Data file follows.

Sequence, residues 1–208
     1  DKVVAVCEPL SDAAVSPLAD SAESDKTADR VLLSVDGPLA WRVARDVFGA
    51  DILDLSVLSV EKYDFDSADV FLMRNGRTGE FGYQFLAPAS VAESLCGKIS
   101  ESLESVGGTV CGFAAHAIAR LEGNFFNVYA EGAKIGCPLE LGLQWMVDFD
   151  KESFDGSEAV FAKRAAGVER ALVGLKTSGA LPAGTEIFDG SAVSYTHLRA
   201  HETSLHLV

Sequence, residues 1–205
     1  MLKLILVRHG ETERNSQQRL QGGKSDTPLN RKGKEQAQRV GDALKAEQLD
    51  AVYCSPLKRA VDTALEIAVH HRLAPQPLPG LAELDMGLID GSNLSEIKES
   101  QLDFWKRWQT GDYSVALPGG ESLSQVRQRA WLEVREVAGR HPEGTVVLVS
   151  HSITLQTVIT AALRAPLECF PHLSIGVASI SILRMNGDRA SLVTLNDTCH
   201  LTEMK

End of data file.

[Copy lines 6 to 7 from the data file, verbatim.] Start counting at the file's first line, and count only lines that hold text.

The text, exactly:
   201  HETSLHLV

Sequence, residues 1–205